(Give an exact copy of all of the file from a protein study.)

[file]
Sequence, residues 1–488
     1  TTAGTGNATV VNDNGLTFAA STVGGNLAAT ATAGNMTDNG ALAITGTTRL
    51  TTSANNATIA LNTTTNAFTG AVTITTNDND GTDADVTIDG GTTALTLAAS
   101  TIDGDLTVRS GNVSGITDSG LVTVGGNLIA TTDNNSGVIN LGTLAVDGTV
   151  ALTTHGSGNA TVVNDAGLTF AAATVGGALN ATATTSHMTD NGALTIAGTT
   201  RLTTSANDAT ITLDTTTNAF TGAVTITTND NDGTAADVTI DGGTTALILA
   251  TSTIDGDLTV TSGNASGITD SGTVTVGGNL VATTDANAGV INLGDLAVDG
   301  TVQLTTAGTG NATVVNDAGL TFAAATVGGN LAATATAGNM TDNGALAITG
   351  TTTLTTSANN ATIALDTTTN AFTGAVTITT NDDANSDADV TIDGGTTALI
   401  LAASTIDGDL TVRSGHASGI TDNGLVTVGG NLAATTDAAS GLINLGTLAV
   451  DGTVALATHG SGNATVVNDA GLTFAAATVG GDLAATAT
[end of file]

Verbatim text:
Sequence, residues 1–488
     1  TTAGTGNATV VNDNGLTFAA STVGGNLAAT ATAGNMTDNG ALAITGTTRL
    51  TTSANNATIA LNTTTNAFTG AVTITTNDND GTDADVTIDG GTTALTLAAS
   101  TIDGDLTVRS GNVSGITDSG LVTVGGNLIA TTDNNSGVIN LGTLAVDGTV
   151  ALTTHGSGNA TVVNDAGLTF AAATVGGALN ATATTSHMTD NGALTIAGTT
   201  RLTTSANDAT ITLDTTTNAF TGAVTITTND NDGTAADVTI DGGTTALILA
   251  TSTIDGDLTV TSGNASGITD SGTVTVGGNL VATTDANAGV INLGDLAVDG
   301  TVQLTTAGTG NATVVNDAGL TFAAATVGGN LAATATAGNM TDNGALAITG
   351  TTTLTTSANN ATIALDTTTN AFTGAVTITT NDDANSDADV TIDGGTTALI
   401  LAASTIDGDL TVRSGHASGI TDNGLVTVGG NLAATTDAAS GLINLGTLAV
   451  DGTVALATHG SGNATVVNDA GLTFAAATVG GDLAATAT